Public works in Puerto Rico in the mid-1930s.

FDR’s New Deal relief programs, which began within his first 100 days, included provisions for Puerto Rico, but the President realized that this was not enough. So in 1935, he used his authority under the Emergency Relief Appropriation Act, to establish the Puerto Rican Reconstruction Administration (PRRA) by executive order. This agency, in the words of scholar Geoff G. Burrows, aimed to move from “relief” to “reconstruction” by initiating long-term solutions to Puerto Rico’s problems. These solutions included rural electrification, the building of a cement plant (among other businesses), and the construction of water and road systems, and hospitals.

The most significant division of the PRRA was the Engineering division, Burrows argues. In addition to providing for the employment of large numbers of men and women, the PRRA put an emphasis on capital intensive projects. They amounted to 40% of the total $82 million spent over the lifetime of the agency (1935-1955). For reference, Burrows says that, in today’s dollars, these figures amount to $543 million out of a total $1.36 billion being spent on capital intensive projects. This investment created the basis for Puerto Rico to play a significant role in defense during World War II, and to achieve a degree of modern economic development in the postwar period. (Burrows’ invaluable thesis can be found here.)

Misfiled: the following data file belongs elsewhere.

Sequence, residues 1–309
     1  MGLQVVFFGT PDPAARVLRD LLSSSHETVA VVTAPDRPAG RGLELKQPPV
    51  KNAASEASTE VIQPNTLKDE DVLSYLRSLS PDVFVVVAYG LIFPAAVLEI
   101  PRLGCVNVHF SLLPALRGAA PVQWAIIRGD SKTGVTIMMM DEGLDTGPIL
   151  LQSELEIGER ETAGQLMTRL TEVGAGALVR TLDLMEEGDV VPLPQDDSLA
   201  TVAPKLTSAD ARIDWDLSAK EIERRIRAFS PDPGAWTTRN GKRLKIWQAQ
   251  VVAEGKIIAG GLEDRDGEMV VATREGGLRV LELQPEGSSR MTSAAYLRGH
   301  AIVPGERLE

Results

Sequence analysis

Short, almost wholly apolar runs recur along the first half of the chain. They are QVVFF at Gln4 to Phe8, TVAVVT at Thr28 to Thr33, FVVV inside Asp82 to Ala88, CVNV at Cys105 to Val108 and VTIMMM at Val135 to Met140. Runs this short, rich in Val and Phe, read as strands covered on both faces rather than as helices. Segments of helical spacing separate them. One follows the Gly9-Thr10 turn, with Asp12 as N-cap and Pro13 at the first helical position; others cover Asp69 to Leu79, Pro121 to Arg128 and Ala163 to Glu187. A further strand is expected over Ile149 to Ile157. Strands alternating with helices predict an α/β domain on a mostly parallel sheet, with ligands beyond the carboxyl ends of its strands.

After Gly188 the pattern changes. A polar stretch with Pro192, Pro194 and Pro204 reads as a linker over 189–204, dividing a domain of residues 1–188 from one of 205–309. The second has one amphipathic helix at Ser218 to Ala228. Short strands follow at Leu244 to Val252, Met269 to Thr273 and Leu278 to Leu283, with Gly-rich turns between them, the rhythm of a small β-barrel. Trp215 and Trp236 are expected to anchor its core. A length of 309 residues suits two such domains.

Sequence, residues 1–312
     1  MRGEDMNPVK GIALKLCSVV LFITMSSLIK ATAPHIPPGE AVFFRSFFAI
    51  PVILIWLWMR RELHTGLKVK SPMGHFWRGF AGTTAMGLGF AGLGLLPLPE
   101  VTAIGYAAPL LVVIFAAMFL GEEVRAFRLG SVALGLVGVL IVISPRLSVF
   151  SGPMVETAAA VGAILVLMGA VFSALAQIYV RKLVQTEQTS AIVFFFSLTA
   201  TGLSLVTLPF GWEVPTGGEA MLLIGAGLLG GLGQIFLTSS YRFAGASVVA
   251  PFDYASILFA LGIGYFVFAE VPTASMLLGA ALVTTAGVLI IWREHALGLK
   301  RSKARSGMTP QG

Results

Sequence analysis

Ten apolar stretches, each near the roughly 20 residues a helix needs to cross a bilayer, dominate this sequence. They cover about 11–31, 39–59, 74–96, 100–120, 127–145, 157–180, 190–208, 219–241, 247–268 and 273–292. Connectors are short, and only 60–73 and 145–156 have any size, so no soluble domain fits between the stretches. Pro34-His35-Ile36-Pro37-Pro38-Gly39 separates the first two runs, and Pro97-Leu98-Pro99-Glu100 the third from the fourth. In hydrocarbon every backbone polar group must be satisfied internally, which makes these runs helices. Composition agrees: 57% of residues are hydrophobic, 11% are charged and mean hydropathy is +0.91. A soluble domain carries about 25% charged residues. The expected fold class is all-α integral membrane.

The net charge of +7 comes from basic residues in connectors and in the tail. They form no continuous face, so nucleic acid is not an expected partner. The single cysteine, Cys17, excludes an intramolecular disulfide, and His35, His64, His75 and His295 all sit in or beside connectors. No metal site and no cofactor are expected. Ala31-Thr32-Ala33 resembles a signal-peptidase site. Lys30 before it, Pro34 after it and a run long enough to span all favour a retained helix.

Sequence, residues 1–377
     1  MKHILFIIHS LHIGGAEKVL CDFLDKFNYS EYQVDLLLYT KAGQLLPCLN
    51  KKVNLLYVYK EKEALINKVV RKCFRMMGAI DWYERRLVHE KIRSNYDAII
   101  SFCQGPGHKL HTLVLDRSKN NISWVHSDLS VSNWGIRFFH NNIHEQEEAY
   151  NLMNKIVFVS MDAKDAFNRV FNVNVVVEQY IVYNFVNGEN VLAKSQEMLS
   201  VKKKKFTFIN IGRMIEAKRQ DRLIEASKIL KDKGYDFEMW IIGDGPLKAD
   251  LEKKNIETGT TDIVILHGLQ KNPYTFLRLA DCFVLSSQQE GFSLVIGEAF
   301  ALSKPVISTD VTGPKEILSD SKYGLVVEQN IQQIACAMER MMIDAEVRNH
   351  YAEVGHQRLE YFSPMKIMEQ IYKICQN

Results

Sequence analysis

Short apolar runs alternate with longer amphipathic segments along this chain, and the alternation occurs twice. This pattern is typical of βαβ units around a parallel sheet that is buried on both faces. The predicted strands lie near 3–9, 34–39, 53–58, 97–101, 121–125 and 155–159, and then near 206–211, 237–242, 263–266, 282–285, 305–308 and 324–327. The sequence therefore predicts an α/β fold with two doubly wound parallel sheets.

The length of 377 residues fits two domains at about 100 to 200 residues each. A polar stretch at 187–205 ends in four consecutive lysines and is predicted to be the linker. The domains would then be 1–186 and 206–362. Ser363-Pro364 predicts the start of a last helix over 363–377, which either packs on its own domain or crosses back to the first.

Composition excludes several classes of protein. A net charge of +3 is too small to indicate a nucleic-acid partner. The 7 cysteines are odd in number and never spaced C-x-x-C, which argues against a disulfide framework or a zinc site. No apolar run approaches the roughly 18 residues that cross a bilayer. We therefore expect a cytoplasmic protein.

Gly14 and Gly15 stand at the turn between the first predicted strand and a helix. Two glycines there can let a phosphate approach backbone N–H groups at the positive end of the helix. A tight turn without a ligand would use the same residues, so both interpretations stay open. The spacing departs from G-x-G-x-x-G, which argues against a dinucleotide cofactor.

FDR’s PRRA, which was supplemented by the CCC and other New Deal programs, began winding down with the war buildup in 1941, and ended in 1955.

As in the United States as a whole, much of the Island’s current (remaining) infrastructure is the legacy of the PRRA public works program. This includes the Dos Bocas hydroelectric dam. This infrastructure was already in dismal shape prior to the hurricanes; now the task is to leapfrog the old technologies, to not only provide for Puerto Ricans today, but to create the basis for a prosperous future.

A Hamiltonian Solution